Mark Watches ‘The Sarah Connor Chronicles’: S02E11 – Self Made Man

In the eleventh episode of the second season of The Sarah Connor Chronicles, I cannot believe this show. Intrigued? Then it’s time for Mark to watch The Sarah Connor Chronicles.

Trigger Warning: For discussion of ableism, cancer

I am just so thrilled that this show is willing to take storytelling risks like this. It makes this show feel refreshing and exciting. Plus, it’s just good writing! And good entertainment! I HAVE EMOTIONS!

John / Riley

What frustrates me most about this storyline – and I don’t mean that as a criticism of the writing but as my reaction to the story itself – is that we’ve repeatedly seen examples of John’s need for a close friend to be honest with. And I bought completely into the notion that Riley was that person for John! She seemed so perfect, despite that I also knew that their relationship couldn’t work in a world like John Connors. OH, HOW CLOSE TO THE TRUTH I WAS, AND YET HOW FAR AWAY. It’s agonizing to watch Riley reach out to John and provide him with the sort of companionship he’s looking for because what she’s doing is deceptive. I suspect there’s something genuine here, that Riley truly does like John, but it doesn’t excuse the fact that her entire story is fabricated just so she can get close to him.

What I’m worried about is the inevitable fallout. It’s only going to be a matter of time before John finds out who she is, and then what? We see quite clearly in “Self Made Man” how John reacts to bad situations, at least in his current state, and it’s not pretty. He’s prone to violence, he’s bottling up his anger, and he’s liable to truly hurt someone. Not that I think he’d actually hurt Riley, but she may set him off in a way that has terrible ramifications.



Let’s be real with ourselves, though: this is Cameron’s episode, through and through. I can barely believe that the comment I made at the beginning of this episode TURNED INTO THE ACTUAL STORY. I think you might be able to argue that what Cameron’s been doing while the Connors sleep is part of her mission in an abstract way. Gathering information about the world is a good thing; so is her attempt to gain a real friend. But I don’t believe that’s what happened here, not entirely. I think that Cameron is honestly seeking some of this out for her own sake. It’s self-interest, and not in a way that is entirely selfish.

But I also don’t want to ignore the selfishness we do see in her interactions with Eric. These scenes – wonderfully acted by Summer Glau and Billy Lush – are some of the most muted and powerful bits of all of The Sarah Connor Chronicles. I admit that I find the idea of Cameron trying her best to be human to be a compelling one, and there’s a lot of that to be found in this story. I was also surprised by this show giving us a character in a wheelchair, not making him a giant stereotype, acknowledging his limitations within an ableist world, and giving him a story that’s all his own. It’s rare. Awfully rare, I should say, and it shouldn’t be that way. But Eric isn’t portrayed like most characters we see like him on television, and it’s nice. I’m not saying it’s perfect representation (that’s not my point to make), but I enjoyed seeing him get so much screen time.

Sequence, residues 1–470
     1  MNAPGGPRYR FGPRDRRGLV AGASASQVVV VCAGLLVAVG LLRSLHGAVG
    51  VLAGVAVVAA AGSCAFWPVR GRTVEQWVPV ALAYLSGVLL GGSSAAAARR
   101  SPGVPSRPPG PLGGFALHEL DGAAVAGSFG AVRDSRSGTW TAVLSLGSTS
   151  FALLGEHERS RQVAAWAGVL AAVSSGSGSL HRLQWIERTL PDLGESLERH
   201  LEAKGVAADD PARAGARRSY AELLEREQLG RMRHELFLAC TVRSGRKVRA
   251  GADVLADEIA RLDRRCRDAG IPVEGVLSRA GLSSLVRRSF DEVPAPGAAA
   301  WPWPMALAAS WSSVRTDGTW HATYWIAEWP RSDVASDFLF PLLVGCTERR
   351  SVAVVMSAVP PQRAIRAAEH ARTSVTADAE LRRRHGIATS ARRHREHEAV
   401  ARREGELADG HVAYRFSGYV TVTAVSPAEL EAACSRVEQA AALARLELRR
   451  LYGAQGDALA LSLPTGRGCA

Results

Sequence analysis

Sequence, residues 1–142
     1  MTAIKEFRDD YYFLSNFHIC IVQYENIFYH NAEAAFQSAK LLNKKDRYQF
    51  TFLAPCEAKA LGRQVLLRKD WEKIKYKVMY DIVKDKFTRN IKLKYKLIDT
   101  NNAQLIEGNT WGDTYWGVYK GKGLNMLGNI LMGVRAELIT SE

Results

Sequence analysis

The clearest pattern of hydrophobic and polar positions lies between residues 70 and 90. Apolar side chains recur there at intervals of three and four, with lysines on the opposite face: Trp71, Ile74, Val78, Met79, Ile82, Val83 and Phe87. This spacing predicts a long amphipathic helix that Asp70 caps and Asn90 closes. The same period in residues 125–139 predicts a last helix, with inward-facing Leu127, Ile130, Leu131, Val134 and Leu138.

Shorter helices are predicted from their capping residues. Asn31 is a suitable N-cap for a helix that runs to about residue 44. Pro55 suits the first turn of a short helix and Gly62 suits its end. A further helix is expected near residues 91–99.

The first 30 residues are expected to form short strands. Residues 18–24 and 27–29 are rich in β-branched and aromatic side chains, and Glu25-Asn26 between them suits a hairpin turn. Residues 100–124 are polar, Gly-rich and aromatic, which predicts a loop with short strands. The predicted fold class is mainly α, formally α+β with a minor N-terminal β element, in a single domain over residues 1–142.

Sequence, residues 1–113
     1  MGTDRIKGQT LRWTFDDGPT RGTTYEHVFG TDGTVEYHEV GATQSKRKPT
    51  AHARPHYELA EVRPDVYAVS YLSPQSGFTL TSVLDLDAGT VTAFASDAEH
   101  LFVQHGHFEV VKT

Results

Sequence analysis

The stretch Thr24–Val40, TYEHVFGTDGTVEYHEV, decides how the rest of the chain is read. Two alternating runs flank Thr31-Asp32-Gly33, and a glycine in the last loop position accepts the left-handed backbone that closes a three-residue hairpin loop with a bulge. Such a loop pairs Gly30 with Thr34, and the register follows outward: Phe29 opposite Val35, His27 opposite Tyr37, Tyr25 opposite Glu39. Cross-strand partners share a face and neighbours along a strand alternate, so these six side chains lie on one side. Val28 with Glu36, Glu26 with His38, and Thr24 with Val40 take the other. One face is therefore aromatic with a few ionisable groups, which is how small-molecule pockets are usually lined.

And lord, within their interactions we get A TIME TRAVELING MURDER MYSTERY, and it’s FUCKING INCREDIBLE, and I LOVE EVERYTHING ABOUT THIS. I’m even into how ambiguous they left Stark’s mission. When we discover that Stark was sent back in time to assassinate a California governor (PLEASE TELL ME IT WAS SCHWARZENEGGER L O L), we’re never told why. Does it matter, though? The mystery here reveals that Skynet FUCKED UP. They sent Stark to the wrong December 31. So Stark, fully aware of what his mission is, plots to guarantee that the tower he uses for the assassination is built, and it involves an utterly ridiculous and complicated set of events started by an accidental fire that began with his arrival. Stark built himself into a wall so he could wait for December 31, 2010, the date of the assassination. HOLY SHIT.

Yet I found myself even more interested in seeing Cameron’s friendship than the murder mystery. IT’S SO COMPELLING. There are a ton of little signs that this really was a friendship. They’d clearly been hanging out for weeks at the very least and are comfortable enough with one another to talk casually. But I noticed that Cameron increasingly demonstrates her abilities without any hesitation, and that isn’t sensible. What I mean is that there’s no reason, if she’s on a mission, to compromise her identity. But she does it repeatedly. She blurts out the precise temperature; she picks him up when the elevator doesn’t go to the top floor; and then she callously informs him that he’s got cancer again.

That’s important because it demonstrates that Cameron still hasn’t figured out how to contextualize the information she’s received. She can’t understand what’s acceptable to say and do within human behavior, so she comes across as cruel. We know she doesn’t meant to be cruel, but Eric’s reaction is what matters here. He’s utterly destroyed by what she’s done. Does he leave his job so that he doesn’t have to see Cameron again? Or is he off getting treatment? The show is deliberately ambiguous about this, and then we watch as Cameron immediately reads the situation and hands over Eric’s donuts to the new overnight employee. Cameron’s still in a space where she does what she needs to in order to get exactly what she wants. That’s a core part of her, and it’s one of the biggest obstacles standing in her way. It seems like she’s trying to be more human, you know? That seems important enough all by itself. But she’s got a long way to go.

The video for “Self Made Man” can be downloaded here for $0.99.

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About Mark Oshiro

Perpetually unprepared since '09.
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